A Winnipeg theatre is about to lift the curtain on a $24-million plan to redevelop one of Winnipeg's trendiest corners and add dozens of units of affordable housing to Osborne Village.
The Gas Station Arts Centre hopes to tear down its existing theatre and build an eight-storey complex that would include two or three new commercial units fronting on Osborne Street, a new 300-seat theatre and six storeys of apartments, some earmarked for artists.
"We think River and Osborne is one of Winnipeg's extraordinary corners, and we want this development to be incredible," said Geof Langen, president of the Gas Station board.
Design concepts are preliminary -- the Gas Station is hosting an open house Sunday to consult residents. The new complex would likely be largely glass and take up nearly the entire parcel of land, including much of the courtyard in front of the theatre and the Subway sandwich shop. Commercial space about three times the size of the Subway would run along Osborne, and the theatre entry, with a new courtyard, would likely remain on River Avenue. The theatre's "crush space," where patrons gather before taking their seats, would take up the building's entire second floor overlooking Osborne so motorists and pedestrians could see people mingling at intermission.
Six floors of residential space would house about 80 units, many with terraces and patios. Some units could be two-storey, but most would be between 600 and 800 square feet.
Langen said the idea is for all units, or nearly all, to meet the province's affordability guidelines, which means some provincial grants and subsidies might be available to offset construction costs. Langen said the Gas Station is more interested in the idea of a co-op ownership model or rental units rather than condos.
Some units would likely be earmarked for artists and could include access to summertime studio space on the roof or some live-work units. The Gas Station plans to partner with the Performing Arts Lodge, which helps set up affordable housing for artists nearing the end of their careers.
The Gas Station has talked about a major renovation or redevelopment for years. Lately, the increasing cost of maintaining the old building, part of which used to be an Esso gas station, have made the matter more pressing. Renovating the existing building would likely have proved as expensive as rebuilding, and creating a mixed-use space will give the theatre ongoing revenue that improves long-term financial stability, executive director Nick Kowalchuk said.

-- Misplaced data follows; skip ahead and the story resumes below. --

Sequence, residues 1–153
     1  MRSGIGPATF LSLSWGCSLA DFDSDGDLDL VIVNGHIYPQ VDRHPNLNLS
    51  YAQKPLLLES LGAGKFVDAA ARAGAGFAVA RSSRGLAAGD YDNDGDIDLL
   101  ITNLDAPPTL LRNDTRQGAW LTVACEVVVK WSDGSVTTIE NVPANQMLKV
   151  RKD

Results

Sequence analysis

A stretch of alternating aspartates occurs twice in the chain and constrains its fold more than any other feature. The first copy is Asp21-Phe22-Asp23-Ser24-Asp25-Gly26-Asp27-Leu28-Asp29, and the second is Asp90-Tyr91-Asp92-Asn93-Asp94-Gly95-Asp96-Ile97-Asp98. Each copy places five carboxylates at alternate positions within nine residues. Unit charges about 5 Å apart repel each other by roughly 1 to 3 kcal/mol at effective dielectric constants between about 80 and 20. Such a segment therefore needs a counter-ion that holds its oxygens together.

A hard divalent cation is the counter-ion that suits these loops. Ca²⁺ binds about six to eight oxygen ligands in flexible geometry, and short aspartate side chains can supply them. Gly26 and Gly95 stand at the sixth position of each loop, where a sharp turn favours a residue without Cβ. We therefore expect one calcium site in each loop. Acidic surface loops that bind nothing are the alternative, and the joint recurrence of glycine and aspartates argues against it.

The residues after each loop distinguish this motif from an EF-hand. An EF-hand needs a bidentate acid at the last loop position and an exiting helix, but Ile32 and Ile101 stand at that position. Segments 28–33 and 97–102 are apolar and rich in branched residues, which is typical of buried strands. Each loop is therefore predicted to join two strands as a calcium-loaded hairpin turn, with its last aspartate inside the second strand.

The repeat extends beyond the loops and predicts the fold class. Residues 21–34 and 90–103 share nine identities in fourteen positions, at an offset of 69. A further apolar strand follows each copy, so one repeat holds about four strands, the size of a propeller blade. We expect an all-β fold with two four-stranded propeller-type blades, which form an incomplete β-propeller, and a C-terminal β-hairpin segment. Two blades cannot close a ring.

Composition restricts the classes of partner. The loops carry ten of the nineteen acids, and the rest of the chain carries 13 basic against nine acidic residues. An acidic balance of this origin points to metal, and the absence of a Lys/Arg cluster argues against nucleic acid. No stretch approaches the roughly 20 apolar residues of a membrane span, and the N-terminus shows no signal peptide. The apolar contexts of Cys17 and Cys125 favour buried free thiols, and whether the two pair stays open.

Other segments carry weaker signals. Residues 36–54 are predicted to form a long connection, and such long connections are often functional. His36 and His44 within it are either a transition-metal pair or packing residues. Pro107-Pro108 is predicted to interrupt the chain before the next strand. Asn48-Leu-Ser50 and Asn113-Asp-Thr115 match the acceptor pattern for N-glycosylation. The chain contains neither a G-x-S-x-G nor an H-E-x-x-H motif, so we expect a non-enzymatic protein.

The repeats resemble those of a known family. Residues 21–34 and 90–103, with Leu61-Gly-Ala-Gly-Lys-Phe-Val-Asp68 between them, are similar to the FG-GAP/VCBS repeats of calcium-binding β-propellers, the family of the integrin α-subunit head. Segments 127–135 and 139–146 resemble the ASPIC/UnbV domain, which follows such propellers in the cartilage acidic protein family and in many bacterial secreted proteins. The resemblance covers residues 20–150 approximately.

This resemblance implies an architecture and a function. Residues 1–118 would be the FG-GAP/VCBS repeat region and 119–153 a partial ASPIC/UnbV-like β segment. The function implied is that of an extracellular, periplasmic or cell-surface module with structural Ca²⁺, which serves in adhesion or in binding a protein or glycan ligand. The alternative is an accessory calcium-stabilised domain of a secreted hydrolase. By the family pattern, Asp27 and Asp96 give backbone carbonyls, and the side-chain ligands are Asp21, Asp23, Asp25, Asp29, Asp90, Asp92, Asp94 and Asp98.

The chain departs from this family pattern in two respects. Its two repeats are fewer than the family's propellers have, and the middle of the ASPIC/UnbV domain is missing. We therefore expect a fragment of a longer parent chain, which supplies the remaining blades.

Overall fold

The GSAC hopes to triple its commercial income. Part of the planning for the new centre includes a $6-million capital fundraising campaign that could tap local donors, federal infrastructure funds and arts grants.
A decade ago, financial woes nearly sunk the Gas Station, which was almost turned into a Giant Tiger store. The neighbourhood and Winnipeg's arts community revolted and the theatre was revived.
Osborne Village can be a tricky place in which to build. New projects, even ones that increase neighbourhood density, often spark outrage. The recent redevelopment of the Shoppers Drug Mart was particularly divisive, and small condo projects in the neighbourhood have resulted in battles at city hall. The Gas Station says it has already consulted dozens of key players in the area, including the Osborne Village BIZ, which said Friday it fully supports the project.
Langen and Kowalchuk said their group is open to new ideas for the project and the elements aren't set in stone. But it must be financially viable and offer the Gas Station a reliable revenue source in the future.
The Gas Station has enlisted the help of Lakeview Realty, which will develop and manage the residential and commercial component, and has hired Winnipeg architect Steve Cohlmeyer to design the building. The details of the various partnerships and funding arrangements need to be finalized, but the Gas Station intends to retain controlling ownership of the property.
Lakeview's Wayne Bollman hopes work can begin on the site next fall after the Gas Station's 2014-15 season wraps up. Construction could take 18 to 20 months.